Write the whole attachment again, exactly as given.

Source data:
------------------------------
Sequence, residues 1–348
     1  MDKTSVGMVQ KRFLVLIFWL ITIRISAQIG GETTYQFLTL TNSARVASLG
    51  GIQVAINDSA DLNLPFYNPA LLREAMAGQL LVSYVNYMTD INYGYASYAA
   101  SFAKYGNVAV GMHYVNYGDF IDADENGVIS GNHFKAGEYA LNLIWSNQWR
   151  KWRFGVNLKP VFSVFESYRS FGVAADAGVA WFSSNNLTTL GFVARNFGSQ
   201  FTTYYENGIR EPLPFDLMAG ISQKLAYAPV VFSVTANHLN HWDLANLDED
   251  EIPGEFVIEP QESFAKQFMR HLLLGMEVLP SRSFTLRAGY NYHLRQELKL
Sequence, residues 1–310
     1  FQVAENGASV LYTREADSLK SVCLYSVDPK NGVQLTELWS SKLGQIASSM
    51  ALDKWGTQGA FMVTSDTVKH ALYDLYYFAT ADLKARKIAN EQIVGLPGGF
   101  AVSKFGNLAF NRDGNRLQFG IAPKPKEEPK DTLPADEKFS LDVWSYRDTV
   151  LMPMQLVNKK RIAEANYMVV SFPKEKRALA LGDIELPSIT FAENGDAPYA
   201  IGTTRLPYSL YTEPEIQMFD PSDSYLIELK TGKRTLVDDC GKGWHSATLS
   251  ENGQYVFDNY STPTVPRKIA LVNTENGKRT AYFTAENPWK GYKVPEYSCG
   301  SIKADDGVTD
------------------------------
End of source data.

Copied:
Sequence, residues 1–348
     1  MDKTSVGMVQ KRFLVLIFWL ITIRISAQIG GETTYQFLTL TNSARVASLG
    51  GIQVAINDSA DLNLPFYNPA LLREAMAGQL LVSYVNYMTD INYGYASYAA
   101  SFAKYGNVAV GMHYVNYGDF IDADENGVIS GNHFKAGEYA LNLIWSNQWR
   151  KWRFGVNLKP VFSVFESYRS FGVAADAGVA WFSSNNLTTL GFVARNFGSQ
   201  FTTYYENGIR EPLPFDLMAG ISQKLAYAPV VFSVTANHLN HWDLANLDED
   251  EIPGEFVIEP QESFAKQFMR HLLLGMEVLP SRSFTLRAGY NYHLRQELKL
Sequence, residues 1–310
     1  FQVAENGASV LYTREADSLK SVCLYSVDPK NGVQLTELWS SKLGQIASSM
    51  ALDKWGTQGA FMVTSDTVKH ALYDLYYFAT ADLKARKIAN EQIVGLPGGF
   101  AVSKFGNLAF NRDGNRLQFG IAPKPKEEPK DTLPADEKFS LDVWSYRDTV
   151  LMPMQLVNKK RIAEANYMVV SFPKEKRALA LGDIELPSIT FAENGDAPYA
   201  IGTTRLPYSL YTEPEIQMFD PSDSYLIELK TGKRTLVDDC GKGWHSATLS
   251  ENGQYVFDNY STPTVPRKIA LVNTENGKRT AYFTAENPWK GYKVPEYSCG
   301  SIKADDGVTD